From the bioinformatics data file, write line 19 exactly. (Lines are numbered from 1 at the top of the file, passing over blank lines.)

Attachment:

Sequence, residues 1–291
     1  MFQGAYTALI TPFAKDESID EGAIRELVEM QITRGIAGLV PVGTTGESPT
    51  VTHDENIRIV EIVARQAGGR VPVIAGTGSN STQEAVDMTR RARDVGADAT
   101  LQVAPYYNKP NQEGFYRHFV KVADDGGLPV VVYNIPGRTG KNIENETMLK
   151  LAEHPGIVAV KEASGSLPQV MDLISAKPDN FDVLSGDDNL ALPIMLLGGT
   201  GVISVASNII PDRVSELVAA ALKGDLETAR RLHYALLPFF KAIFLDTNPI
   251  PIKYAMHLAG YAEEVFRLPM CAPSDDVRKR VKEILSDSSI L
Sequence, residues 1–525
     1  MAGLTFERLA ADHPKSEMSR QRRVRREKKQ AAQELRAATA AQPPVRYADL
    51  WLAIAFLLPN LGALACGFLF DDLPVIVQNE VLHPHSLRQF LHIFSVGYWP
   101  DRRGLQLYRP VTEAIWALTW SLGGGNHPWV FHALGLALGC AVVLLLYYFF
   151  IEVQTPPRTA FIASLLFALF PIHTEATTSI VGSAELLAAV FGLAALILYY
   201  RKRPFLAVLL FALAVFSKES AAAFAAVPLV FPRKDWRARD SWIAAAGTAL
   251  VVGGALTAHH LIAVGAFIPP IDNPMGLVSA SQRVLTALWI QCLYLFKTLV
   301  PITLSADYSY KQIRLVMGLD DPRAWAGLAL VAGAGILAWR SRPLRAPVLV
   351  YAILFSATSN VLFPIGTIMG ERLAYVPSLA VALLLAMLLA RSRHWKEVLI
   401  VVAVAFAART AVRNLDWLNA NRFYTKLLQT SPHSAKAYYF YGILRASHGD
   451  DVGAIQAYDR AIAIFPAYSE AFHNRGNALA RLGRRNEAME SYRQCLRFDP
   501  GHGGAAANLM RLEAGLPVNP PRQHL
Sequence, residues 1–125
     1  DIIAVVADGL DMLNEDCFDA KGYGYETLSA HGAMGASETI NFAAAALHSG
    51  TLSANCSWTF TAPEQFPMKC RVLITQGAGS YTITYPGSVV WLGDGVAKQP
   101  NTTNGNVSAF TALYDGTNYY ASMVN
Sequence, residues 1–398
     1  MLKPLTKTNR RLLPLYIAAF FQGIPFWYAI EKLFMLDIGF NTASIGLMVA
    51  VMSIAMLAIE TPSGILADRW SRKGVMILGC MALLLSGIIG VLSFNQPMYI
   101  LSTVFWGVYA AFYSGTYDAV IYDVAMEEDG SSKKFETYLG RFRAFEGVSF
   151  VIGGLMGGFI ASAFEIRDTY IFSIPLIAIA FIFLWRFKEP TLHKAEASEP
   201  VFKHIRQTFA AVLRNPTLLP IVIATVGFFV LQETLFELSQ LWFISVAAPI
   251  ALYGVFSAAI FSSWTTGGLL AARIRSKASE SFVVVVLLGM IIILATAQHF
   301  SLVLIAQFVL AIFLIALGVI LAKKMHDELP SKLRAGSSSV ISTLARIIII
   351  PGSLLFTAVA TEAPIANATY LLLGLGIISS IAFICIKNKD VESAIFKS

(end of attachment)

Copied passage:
   501  GHGGAAANLM RLEAGLPVNP PRQHL